After troubled start, Morgan Stanley tech platform stabilized

CIO Chris Randazzo says 3D has 'turned the corner,' while upgrade continues

Mar 31, 2014 @ 12:30 pm

By Joyce Hanson

Morgan Stanley, Smith Barney, technology, wealth management
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(iStock, Gerardo Tabones)

After facing an uphill battle when he joined Morgan Stanley less than a year ago, Chris Randazzo, the wirehouse's chief information officer for Global Wealth Management and Investment Management, has finally succeeded in delivering a stable platform, according to advisers at the firm.

Mr. Randazzo, who stepped into his new role in June 2013, came on board in the early stages of an 18-month, $500 million upgrade of the firm's 3D platform and mobile applications.

Now in its 15th month, the upgrade program has improved 3D's speed and stability, analytics and automation processes, advisers say.

“It's night and day from where it was. It's a stabilized system. Everything functions and moves. We have the right players in place,” said Mark Bradburn, a Morgan Stanley senior vice president and adviser.

Mr. Randazzo's job initially included doing damage control following the initial conversion of the technology platforms of Morgan Stanley Global Wealth Management Group and Citigroup Global Markets Inc.'s Smith Barney division into a single system, known as 3D, following the firms' merger in 2009.

Before Mr. Randazzo came on board, brokers had repeatedly complained about system instabilities such as slowness, freezing and error messages while trying to adapt to the 3D platform. Morgan Stanley Wealth Management president Gregory Fleming responded in January 2013 by announcing the 18-month upgrade. That summer, Mr. Randazzo, a longtime Bank of America Merrill Lynch tech veteran, was hired to replace Moira Kilcoyne, who was promoted to the role of co-chief information officer for the entire firm.

Mr. Randazzo said the 3D upgrade is proceeding “reasonably well,” noting that the initial combination of the two firms was completed in 2012 before he arrived at Morgan Stanley. Now, he said, his goal is to further stabilize 3D with more enhancements to the platform and to roll out new platforms in the near future.

“We have made a significant investment in upgrading and refreshing our software, hardware and data centers,” he said. “I feel as though we have turned the corner.”

Morgan Stanley announced Monday the launch of its first-ever mobile application for clients on iPhone. The free app lets clients access their portfolio and connect with their adviser from any mobile device, according to a company statement.

Looking ahead, Mr. Randazzo said he is focused on creating technologies that give advisers a competitive advantage. He said new developments will include integration of banking and lending, upgraded advisory and capital markets platforms, reduced data entry, and customized screens for advisers.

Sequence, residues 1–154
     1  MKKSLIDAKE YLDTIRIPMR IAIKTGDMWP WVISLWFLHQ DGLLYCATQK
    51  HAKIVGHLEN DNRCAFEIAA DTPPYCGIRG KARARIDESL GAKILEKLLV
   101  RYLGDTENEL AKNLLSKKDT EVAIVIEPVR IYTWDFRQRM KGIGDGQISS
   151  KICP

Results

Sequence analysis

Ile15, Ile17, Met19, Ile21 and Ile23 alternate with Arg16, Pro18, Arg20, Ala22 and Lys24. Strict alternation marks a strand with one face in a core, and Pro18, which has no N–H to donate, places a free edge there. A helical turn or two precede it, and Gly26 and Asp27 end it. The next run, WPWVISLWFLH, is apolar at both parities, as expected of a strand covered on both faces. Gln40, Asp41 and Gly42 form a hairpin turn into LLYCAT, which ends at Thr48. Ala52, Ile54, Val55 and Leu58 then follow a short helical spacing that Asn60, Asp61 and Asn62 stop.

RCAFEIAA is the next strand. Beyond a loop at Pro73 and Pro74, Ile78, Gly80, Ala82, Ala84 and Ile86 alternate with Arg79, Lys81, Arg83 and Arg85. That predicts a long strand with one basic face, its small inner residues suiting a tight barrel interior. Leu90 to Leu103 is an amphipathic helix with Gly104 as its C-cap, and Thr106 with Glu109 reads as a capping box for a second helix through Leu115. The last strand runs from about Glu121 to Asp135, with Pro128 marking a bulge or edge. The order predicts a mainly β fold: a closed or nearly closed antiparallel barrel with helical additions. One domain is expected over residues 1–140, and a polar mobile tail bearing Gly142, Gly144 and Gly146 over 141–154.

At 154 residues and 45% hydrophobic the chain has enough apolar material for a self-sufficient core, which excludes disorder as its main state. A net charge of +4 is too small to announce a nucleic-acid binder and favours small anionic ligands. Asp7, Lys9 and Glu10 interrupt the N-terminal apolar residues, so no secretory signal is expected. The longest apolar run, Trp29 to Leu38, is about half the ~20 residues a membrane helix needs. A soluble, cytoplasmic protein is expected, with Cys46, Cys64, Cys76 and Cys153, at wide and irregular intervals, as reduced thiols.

“We are absolutely talking about product integrations,” Mr. Randazzo said. “A lot of the conversation has completely shifted from the conversion to what are we doing in the future. As a technologist, that's the conversation you want to have.”

Mr. Bradburn came to Morgan Stanley from Smith Barney when the two firms merged. He said he experienced technical problems with performance reporting on the 3D platform in those early days, but he hasn't had a performance reporting issue in months.

He credited Mr. Randazzo with providing the fresh air that Morgan Stanley's technology platform needed. As a member of the wirehouse's financial adviser advisory council, Mr. Bradburn said he is regularly asked to give feedback on the 3D upgrade.

(More: What's now and what's next for Morgan Stanley's new trade tool.)

“Nobody talks about technology being an issue anymore, whereas that was a big part of the discussion before Chris came in,” he said. “People on his team send us mockups saying, 'Does this help you?' Now it's a big collaboration where everyone works together.”

Independent recruiters who do not recruit on Morgan Stanley's behalf also reported that the wirehouse's technology is no longer an issue for advisers there.

Danny Sarch, president of recruiting firm Leitner Sarch Consultants, said on a scale of 1 to 10, with 1 being the lowest, Morgan Stanley advisers he spoke to in the past gave 3D a ranking of 1. Now they're awarding the platform a 5 or a 6.

“I don't think it's the flash point of dissatisfaction that it was a year ago,” Mr. Sarch said. “I spoke to three separate advisers who I view as being technologically savvy, and they say that the system is absolutely more stable than what it was. There's a feeling that they're no longer afraid that they will lose data when the system crashes.”

(See Mr. Sarch's April 2013 take on 3D: Morgan Stanley 3D, almost a year later.)

Recruiter Mark Elzweig, president of Mark Elzweig Co., who represents financial advisers seeking career moves with national, regional and independent firms, said a primary reason for broker departures after the merger was frustration with the 3D platform.

Mr. Elzweig said part of the problem was a cultural divide, with Smith Barney brokers feeling that their previous platform was superior and that their new company wasn't interested in hearing their feedback.

“They just rolled it out without the close consultation of advisers, and advisers didn't really find out what it could and could not do until after the fact,” he said.

But in the last week, Morgan Stanley brokers have told Mr. Elzweig that the 3D platform has improved and the new IT team is identifying the issues and addressing them.

“They feel that the system is now more user-friendly for them and clients than before,” he said.


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